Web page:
Monday, September 14, 2009

Indian Summer for Brubeck

There's always something to set the Jazz world a-buzzing. Right now, many commentators are praising the welcome announcement that Dave Brubeck, at age 88 and counting, will become a Kennedy Center honoree on December 6--the very day he turns 89, in fact. Others are tossing in some tart grapes: why has it taken so long for Dave to be recognized? why 13 years between Jazz inductees? and the colossal question, why no Sonny Rollins yet, for tenor's sake?!

By coincidence, I caught Brubeck with his current quartet performing at Seattle's Jazz Alley just last night. The first thing the elderly, somewhat frail-looking leader did was reminisce about his rhythm section as having been together many years longer than the classic foursome. And after 30-plus years, Bobby Militello, Randy Jones, and "new guy" Michael Moore (only eight years) are certainly aging in place, all of them looking 60 and up.

Fortunately, they also have the blessed, life-enhancing energy of working musicians, playing with the piss and pizzazz of guys just starting out. Moore had a couple of intense, far-ranging plucked solos; Jones drummed Joe Morello right out of town when he took charge of "Take Five" and produced the only drum solo I've stood and cheered for in decades; and Militello was a study in, well, heavyweight altosaxing. This guy moves in a note or two from Paul Desmond lyricism to Art Pepper's outside screams. I admire his stubborn, shifting style, but the ascerbic, even acidic, tone he favors so often made me think of this one-liner: "Who'd have guessed that Dave would replace Desmond's dry martini sound with Bobby's bicarbonate of soda"?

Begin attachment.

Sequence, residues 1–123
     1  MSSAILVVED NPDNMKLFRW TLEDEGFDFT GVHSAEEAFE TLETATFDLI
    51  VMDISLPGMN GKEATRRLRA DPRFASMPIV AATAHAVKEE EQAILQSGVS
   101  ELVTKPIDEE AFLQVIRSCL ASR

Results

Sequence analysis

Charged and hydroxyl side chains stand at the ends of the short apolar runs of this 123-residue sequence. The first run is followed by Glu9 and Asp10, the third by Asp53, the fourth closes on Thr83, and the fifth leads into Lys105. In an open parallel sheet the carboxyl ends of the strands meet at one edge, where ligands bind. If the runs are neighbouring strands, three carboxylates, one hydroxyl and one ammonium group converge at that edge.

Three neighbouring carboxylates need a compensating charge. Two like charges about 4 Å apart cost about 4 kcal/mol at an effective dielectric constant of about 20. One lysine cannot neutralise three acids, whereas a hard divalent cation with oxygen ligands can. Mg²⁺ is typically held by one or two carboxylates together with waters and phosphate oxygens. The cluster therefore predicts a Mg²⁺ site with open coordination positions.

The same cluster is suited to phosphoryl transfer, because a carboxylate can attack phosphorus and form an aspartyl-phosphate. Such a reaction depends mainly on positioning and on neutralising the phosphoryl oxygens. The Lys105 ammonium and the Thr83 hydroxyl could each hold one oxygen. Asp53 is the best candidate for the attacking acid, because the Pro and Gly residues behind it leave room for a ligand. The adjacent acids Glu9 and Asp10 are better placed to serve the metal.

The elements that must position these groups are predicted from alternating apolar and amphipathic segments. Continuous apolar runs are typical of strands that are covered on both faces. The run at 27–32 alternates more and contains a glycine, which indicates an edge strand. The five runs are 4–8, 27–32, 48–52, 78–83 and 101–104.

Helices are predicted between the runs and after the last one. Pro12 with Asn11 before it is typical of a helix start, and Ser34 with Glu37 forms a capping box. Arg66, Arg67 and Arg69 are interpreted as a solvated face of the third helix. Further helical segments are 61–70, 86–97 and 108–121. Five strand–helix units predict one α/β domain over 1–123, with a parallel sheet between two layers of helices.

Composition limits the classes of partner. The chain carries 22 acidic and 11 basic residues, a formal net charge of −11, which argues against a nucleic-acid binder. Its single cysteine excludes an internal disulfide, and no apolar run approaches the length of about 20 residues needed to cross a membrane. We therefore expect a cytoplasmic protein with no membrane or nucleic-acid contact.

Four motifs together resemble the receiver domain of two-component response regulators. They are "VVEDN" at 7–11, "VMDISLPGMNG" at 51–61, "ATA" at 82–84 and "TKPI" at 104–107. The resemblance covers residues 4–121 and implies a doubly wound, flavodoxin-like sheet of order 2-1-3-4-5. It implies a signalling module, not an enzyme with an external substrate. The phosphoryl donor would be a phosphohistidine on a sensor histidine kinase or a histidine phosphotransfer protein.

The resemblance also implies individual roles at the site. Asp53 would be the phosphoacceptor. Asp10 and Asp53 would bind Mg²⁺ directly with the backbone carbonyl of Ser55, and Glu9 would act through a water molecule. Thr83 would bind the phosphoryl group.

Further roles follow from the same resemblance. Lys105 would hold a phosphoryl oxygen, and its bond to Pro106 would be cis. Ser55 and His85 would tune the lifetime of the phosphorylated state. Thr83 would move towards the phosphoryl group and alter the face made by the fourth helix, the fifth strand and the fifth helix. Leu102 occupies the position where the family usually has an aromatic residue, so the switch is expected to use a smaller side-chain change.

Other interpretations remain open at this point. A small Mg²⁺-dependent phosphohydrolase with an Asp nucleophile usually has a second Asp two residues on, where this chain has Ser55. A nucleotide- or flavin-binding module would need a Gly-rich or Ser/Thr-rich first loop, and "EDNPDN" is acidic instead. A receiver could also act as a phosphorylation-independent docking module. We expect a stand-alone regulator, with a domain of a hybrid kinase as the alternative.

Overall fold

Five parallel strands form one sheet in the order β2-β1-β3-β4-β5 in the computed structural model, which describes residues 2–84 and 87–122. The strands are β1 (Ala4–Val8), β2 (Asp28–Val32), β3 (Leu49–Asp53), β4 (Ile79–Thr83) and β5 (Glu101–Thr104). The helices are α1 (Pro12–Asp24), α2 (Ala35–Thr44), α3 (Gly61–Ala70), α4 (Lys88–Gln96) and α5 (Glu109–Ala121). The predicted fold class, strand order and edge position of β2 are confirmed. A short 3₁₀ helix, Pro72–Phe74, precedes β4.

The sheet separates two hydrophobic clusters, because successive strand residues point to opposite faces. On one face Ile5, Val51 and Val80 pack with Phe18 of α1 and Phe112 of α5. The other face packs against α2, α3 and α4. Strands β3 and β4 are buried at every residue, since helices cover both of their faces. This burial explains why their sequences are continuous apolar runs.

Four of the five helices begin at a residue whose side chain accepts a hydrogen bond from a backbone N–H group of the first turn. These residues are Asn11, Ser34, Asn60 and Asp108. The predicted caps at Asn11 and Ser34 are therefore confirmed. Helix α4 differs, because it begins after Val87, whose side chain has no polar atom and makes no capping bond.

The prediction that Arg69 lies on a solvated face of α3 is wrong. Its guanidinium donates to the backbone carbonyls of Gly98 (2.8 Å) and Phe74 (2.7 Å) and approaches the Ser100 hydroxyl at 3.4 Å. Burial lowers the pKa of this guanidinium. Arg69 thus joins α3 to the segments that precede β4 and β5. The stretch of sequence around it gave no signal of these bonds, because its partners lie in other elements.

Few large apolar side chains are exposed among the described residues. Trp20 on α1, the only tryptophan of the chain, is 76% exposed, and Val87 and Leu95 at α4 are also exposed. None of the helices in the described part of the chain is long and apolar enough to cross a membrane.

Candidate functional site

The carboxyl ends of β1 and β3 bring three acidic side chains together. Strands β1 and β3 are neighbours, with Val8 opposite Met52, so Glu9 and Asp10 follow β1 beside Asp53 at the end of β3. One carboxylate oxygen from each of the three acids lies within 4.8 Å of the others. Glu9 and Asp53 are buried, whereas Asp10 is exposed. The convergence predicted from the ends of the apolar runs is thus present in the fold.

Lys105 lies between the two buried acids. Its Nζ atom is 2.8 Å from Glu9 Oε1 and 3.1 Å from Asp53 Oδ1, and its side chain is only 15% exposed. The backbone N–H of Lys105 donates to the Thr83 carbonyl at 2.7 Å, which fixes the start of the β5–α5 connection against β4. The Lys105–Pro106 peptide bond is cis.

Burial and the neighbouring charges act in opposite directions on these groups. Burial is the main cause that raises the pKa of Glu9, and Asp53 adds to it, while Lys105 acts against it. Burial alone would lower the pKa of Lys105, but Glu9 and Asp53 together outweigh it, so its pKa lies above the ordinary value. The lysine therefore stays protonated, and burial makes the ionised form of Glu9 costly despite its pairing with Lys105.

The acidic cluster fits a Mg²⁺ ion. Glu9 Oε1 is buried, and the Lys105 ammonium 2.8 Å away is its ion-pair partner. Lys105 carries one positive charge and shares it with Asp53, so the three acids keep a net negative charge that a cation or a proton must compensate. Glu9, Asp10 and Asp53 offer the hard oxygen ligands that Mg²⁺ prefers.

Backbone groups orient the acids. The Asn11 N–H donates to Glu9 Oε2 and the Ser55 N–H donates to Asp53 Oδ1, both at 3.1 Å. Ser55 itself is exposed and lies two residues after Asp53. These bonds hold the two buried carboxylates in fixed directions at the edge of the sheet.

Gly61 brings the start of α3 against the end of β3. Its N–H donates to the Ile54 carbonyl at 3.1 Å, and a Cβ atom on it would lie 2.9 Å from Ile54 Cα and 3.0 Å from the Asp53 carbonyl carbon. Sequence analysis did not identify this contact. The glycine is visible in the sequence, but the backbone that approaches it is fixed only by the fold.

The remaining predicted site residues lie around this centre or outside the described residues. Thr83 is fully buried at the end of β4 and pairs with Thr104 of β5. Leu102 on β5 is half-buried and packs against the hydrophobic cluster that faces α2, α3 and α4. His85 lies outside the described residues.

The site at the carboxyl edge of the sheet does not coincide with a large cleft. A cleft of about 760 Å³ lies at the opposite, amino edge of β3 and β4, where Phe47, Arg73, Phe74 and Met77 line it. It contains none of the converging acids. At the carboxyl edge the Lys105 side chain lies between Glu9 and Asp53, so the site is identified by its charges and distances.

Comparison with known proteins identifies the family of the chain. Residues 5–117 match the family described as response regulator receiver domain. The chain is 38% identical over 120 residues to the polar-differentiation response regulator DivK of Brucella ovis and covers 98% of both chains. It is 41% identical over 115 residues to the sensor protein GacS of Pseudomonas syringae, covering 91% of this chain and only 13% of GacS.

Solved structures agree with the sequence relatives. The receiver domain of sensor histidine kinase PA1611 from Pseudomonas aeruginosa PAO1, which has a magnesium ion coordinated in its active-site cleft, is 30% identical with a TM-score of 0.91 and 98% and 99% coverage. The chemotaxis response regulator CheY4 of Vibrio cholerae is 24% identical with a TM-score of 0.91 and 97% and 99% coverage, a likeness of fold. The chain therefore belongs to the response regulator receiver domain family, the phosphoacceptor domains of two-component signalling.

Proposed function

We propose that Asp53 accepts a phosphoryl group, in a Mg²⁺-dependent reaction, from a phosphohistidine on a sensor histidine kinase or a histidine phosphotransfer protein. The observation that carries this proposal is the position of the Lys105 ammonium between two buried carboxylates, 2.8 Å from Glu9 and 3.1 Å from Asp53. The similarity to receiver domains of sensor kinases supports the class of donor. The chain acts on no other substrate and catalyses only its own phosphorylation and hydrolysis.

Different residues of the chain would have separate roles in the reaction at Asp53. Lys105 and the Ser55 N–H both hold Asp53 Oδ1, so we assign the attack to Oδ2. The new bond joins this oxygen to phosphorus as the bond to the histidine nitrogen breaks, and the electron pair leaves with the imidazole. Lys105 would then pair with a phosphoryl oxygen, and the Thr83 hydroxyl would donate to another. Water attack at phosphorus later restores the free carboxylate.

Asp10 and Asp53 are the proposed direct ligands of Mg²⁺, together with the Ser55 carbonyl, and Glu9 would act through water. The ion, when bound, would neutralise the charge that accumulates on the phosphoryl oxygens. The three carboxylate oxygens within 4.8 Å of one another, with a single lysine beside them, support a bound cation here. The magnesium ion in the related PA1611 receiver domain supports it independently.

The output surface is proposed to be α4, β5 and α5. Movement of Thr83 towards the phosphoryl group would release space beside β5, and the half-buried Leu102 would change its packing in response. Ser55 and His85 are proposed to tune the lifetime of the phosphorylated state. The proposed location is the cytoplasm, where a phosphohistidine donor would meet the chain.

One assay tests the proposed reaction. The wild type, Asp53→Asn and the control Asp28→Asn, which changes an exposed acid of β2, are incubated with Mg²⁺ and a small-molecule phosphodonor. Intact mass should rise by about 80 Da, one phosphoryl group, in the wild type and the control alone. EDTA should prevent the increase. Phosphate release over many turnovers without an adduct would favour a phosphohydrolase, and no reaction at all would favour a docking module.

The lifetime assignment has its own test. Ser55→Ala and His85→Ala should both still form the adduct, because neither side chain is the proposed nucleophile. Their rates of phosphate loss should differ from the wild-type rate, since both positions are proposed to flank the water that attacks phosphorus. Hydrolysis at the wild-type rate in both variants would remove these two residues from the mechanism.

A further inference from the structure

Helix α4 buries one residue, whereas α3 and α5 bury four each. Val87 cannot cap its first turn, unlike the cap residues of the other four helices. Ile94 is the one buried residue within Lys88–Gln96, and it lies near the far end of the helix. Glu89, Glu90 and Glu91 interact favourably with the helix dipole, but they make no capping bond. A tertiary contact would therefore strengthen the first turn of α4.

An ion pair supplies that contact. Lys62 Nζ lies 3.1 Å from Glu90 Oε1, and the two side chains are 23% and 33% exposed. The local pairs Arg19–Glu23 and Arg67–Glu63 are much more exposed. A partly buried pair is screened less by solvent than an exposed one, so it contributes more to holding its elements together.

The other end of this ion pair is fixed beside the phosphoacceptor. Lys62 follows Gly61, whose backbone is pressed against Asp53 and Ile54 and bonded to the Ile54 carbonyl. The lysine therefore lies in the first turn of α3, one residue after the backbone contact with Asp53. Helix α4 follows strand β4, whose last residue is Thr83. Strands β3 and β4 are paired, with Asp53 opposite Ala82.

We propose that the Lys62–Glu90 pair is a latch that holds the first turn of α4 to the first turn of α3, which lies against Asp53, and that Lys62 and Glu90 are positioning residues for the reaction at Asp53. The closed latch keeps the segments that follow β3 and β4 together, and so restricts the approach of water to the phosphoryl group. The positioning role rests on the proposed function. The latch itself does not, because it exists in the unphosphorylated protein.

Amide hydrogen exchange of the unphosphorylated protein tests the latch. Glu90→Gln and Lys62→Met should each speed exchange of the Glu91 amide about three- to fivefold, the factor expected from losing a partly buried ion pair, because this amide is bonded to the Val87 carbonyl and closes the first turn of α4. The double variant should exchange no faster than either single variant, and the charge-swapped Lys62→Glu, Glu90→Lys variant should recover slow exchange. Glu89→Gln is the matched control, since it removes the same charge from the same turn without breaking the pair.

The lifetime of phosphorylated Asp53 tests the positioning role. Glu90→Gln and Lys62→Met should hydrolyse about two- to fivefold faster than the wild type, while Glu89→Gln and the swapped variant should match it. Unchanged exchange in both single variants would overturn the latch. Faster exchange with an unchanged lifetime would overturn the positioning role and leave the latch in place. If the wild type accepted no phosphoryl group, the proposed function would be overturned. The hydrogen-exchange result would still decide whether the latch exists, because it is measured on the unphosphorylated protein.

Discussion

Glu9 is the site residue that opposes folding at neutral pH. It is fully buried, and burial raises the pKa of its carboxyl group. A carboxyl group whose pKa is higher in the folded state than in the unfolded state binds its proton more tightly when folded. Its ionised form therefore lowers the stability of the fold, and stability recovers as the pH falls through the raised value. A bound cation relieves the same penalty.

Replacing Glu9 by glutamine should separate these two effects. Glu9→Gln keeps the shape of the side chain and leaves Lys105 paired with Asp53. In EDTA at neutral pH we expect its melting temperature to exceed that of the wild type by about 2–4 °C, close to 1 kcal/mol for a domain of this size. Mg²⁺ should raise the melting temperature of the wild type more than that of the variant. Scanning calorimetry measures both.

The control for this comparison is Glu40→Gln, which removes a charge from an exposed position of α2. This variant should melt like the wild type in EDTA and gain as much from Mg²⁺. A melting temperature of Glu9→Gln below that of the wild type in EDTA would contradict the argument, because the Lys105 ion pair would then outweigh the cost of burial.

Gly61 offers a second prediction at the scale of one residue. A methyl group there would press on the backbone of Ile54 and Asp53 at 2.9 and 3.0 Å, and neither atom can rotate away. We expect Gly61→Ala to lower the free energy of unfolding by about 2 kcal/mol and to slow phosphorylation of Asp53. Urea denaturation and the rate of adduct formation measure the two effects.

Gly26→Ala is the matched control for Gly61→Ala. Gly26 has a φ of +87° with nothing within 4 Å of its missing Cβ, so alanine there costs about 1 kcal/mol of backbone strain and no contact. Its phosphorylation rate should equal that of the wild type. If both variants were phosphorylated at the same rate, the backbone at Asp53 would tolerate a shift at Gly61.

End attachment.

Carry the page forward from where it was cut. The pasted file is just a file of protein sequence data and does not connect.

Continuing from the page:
As for indomitable Dave, you can see that bouts of illness have taken their toll. He needs to be helped up and down the stage steps, and his playing, while still pounding angularly and countertempo when so inspired, lacks much of the old power that once could reduce keyboards to kindling. When he spoke, even the piano mike couldn't make that quaver come up loud enough to be easily understood. But his selections were a hoot: "Margie," "Show Me the Way to Go Home," a crowd-pleasing Ellington medley, and a beautiful Classical (or maybe movie) theme for which I just can't pull up the name, but would love to have on disc to hear again and again.

All said, the pianist and his pals were totally charming and winning, well worth the $65 club entry fee and the packed-to-the-rafters scene. So hat's off to Dave Brubeck; and here's hoping December 6th can come soon enough.

Aftermath: I see from Doug Ramsey's Rifftides review that the composition I couldn't name was Brubeck's own "Dziekuje," his Chopin-sounding thanks to Poland, written back in the early touring days. I plead diminished capacity! And I promise to play some version at least five times to revive my failing Memorex...